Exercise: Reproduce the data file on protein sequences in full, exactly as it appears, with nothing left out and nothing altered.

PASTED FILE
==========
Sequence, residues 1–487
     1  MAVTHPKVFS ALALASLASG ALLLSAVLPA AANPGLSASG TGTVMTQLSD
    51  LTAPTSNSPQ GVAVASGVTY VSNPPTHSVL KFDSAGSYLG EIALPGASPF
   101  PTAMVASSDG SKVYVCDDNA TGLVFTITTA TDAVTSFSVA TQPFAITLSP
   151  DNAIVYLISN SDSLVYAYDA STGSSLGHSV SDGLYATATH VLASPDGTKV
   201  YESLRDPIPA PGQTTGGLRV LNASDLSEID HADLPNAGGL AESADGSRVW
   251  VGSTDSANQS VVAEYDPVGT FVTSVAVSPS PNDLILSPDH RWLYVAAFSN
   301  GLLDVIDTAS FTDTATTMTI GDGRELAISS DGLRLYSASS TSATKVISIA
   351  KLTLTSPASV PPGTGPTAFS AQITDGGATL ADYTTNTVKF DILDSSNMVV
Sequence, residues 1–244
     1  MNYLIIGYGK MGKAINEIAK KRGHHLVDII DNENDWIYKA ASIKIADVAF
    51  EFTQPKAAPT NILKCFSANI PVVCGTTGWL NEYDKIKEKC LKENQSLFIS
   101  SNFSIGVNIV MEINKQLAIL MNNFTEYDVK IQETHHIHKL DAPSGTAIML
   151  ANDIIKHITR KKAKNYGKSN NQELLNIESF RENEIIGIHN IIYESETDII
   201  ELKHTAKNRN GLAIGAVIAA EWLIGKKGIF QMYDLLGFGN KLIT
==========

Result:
Sequence, residues 1–487
     1  MAVTHPKVFS ALALASLASG ALLLSAVLPA AANPGLSASG TGTVMTQLSD
    51  LTAPTSNSPQ GVAVASGVTY VSNPPTHSVL KFDSAGSYLG EIALPGASPF
   101  PTAMVASSDG SKVYVCDDNA TGLVFTITTA TDAVTSFSVA TQPFAITLSP
   151  DNAIVYLISN SDSLVYAYDA STGSSLGHSV SDGLYATATH VLASPDGTKV
   201  YESLRDPIPA PGQTTGGLRV LNASDLSEID HADLPNAGGL AESADGSRVW
   251  VGSTDSANQS VVAEYDPVGT FVTSVAVSPS PNDLILSPDH RWLYVAAFSN
   301  GLLDVIDTAS FTDTATTMTI GDGRELAISS DGLRLYSASS TSATKVISIA
   351  KLTLTSPASV PPGTGPTAFS AQITDGGATL ADYTTNTVKF DILDSSNMVV
Sequence, residues 1–244
     1  MNYLIIGYGK MGKAINEIAK KRGHHLVDII DNENDWIYKA ASIKIADVAF
    51  EFTQPKAAPT NILKCFSANI PVVCGTTGWL NEYDKIKEKC LKENQSLFIS
   101  SNFSIGVNIV MEINKQLAIL MNNFTEYDVK IQETHHIHKL DAPSGTAIML
   151  ANDIIKHITR KKAKNYGKSN NQELLNIESF RENEIIGIHN IIYESETDII
   201  ELKHTAKNRN GLAIGAVIAA EWLIGKKGIF QMYDLLGFGN KLIT